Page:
Just outside the town past the huertas (farmland) you will find the routes along the Costa Blanca that the Ribereros (seasonal rice-harvest workers) used in order to trek to the Valencian coast. These days a monument honouring the Ribereros is the symbol of Benissa.
Guided tours are given on most working days.
Sports and recreation Benissa
Benissa ’s rough landscape lends itself perfectly to sports such as rock climbing, hiking, and horseback riding. Routes are marked out for you and will lead you along the Sierra de Bèrnia, La Solana, Oltà, and Mallà Verda.
Should you be more interested in water sports, you will find the Club Náutico “Les Bassetes” to offer everything you could wish for: 80 moorings for boats up to 8 metres, an experienced sailing school, and a professional diving centre. Here you can also find opportunities for kayaking, wind surfing, catamaran sailing, and fishing.
It is impossible to be bored in Benissa.
Cuisine of Benissa
‘Discovering Benissa ’ also means getting to know her tastes and aromas. The Valencian kitchen comes into its own with Benissa ’s abundance of dishes. Blends of herbs, spices and local products from both sea and land are prepared in centuries-old traditional ways to make dishes for those who enjoy the finer things in life, from amateur to experienced connoisseur.
Try the Borreta de Melva (fish stew), Mullador de Pelleta (fried vegetables), Sang amb ceba (blood sausage with onions), Putxero de polp (octopus stew), Mullador de sangatxo (fried tuna), Coques al calfó (cornbread).
But the variety of rice dishes, too, is endless and comes in all forms: arròs al forn (baked rice), arròs amb faba pelada (rice with peeled beans), arròs amb fèsols i naps (rice with pork, beans, and cabbage), arròs de senyoret (rice and seafood), arròs a banda (rice cooked in fish bouillon), and many, many more
A special note about Benissa sausages: Benissa made a name for itself with this traditional product, for which the recipe is passed down from generation to generation, thus belonging very much to the town’s culinary heritage. The care and effort of the local sausage producers have succeeded in turning an ordinary sausage into a meal fit for the gods.
Holidays in Benissa
Benissa always seems to be in a festive mood. Diverse activities for all ages are organized throughout the entire year: plays and performances, conferences, theatre, music concerts, film, excursions, markets, etc. More often than not this is paired with an abundance of firework and large banquets in the streets. A small selection from a busy calender:
- Cabalgata de Reyes January 5 Three Kings, celebrated with an impressive parade.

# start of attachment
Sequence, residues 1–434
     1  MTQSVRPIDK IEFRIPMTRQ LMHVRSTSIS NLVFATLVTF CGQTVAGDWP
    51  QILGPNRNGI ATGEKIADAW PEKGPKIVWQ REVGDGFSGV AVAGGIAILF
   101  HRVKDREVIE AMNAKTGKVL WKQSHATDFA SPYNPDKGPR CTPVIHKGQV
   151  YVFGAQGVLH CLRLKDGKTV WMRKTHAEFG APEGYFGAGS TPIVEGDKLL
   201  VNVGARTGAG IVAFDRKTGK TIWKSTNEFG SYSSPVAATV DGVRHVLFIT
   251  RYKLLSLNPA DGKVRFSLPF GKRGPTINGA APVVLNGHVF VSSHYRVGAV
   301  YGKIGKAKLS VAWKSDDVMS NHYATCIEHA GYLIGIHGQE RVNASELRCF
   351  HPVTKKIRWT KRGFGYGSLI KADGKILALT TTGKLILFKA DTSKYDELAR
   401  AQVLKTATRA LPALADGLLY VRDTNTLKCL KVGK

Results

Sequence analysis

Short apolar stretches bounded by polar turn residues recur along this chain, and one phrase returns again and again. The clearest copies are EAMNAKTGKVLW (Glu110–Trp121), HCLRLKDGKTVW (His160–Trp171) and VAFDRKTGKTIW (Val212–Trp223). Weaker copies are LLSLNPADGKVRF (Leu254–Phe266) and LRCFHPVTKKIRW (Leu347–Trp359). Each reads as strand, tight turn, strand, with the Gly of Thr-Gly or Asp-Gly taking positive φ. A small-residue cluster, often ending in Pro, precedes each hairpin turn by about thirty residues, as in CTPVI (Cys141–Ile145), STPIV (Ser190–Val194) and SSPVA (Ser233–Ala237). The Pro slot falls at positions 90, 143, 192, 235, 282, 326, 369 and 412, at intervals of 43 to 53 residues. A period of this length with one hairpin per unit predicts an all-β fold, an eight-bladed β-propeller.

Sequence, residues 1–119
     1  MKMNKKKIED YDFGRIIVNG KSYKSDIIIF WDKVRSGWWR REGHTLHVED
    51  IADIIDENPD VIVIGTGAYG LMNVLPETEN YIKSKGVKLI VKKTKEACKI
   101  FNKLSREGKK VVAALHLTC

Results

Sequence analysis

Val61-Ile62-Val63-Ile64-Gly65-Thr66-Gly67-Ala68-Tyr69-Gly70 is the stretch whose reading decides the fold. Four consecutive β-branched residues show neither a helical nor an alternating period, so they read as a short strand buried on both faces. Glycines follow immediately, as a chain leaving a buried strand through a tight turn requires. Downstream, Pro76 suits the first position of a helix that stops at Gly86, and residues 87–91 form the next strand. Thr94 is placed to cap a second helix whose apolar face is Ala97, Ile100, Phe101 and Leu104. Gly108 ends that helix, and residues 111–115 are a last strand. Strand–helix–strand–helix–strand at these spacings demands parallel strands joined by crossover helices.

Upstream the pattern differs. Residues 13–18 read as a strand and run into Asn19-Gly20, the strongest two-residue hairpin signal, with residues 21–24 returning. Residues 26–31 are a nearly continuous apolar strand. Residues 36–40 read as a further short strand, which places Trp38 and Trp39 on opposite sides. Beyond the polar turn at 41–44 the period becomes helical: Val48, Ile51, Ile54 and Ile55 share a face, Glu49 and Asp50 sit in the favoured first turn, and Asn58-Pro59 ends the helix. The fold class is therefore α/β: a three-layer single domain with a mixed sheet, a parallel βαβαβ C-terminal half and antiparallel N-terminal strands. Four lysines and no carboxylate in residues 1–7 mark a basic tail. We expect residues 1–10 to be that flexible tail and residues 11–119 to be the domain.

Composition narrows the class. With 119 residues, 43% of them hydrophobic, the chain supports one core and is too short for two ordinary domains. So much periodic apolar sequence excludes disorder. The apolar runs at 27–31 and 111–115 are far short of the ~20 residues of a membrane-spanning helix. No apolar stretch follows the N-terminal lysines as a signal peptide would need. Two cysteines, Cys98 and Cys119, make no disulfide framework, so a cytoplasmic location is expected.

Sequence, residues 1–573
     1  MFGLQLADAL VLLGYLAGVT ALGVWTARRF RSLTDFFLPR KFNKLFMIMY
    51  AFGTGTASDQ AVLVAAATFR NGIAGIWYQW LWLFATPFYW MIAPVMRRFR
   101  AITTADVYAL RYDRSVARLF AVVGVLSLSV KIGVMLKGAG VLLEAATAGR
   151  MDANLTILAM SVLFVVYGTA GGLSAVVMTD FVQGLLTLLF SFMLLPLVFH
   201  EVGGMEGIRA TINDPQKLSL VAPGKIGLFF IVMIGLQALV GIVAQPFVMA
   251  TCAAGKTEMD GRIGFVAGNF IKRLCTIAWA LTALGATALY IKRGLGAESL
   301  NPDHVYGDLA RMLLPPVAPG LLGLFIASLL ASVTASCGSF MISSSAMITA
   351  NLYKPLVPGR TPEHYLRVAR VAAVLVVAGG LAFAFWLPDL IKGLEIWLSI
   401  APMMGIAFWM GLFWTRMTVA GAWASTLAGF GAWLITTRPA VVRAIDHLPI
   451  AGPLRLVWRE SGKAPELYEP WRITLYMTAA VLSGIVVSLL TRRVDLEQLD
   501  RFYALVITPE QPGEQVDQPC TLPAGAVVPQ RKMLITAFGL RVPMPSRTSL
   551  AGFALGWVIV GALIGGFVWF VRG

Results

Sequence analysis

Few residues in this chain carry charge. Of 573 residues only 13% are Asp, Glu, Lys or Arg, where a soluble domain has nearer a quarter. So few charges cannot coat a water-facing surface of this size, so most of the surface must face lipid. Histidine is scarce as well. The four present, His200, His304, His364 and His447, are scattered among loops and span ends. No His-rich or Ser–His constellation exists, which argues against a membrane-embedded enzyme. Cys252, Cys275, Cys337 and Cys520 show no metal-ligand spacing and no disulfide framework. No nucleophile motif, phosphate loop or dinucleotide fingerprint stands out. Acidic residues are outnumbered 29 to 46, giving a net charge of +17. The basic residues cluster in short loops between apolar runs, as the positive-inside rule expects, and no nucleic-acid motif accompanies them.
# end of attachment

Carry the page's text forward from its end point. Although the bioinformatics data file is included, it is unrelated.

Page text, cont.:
- Fira i Porrat de Sant Antoni January 7 – February 1 Festival of St Anthony – during this 20 day-long festival the town offers many attractions to both young and old, such as a medieval market with vendor stalls, birds of prey, and jesters; the blessing of animals, livestock market, fair, and many other games and cultural attractions.
- Semana Santa Holy Week During Holy Week you can enjoy religious, classical, and antique music concerts.
- Fiestas Patronales de la Purísima Xiqueta starting the 4th Sunday in April Festival of the Holy Child (holy patron of Benissa ). Each municipality has its own patron saint and thus also its own festival. In practice, all the preparatory work is done during the preceding week, and the town celebrates 24 hours a day with parades, dance parties, live music, sporting events, fireworks, and crowning of the Queen of the Festival.
- Running of the Bulls April 28 - 30 Bull running is organised even in Benissa . Large, specially-bred bulls are released into the streets to chase the daredevils who believe themselves fast enough. Hundreds of people watch from higher vantage points while the fear-driven herd of bulls keep on coming. Definitely not an event for the animal rights activist in your family.
- Moros i Cristianos last week in June The festival of the Moors and Christians has been celebrated on the Costa Blanca for a very long time. This is not surprising, since the struggles which occurred here between the 12th and 16th are firmly rooted in Spanish history. The festival is a dramatic performance marked by colourful costumes, bombastic music, and re-enacted battles from times long lost.
Location of our holiday rental homes, holiday rental villas, and holiday rental apartments
We offer you a complete selection of holiday accommodations: luxury villas on the coast, rustic fincas a little further inland, holiday apartments in the historic district…. We have carefully selected quality accommodations for every preference and budget so you can relax and enjoy your well-earned holiday.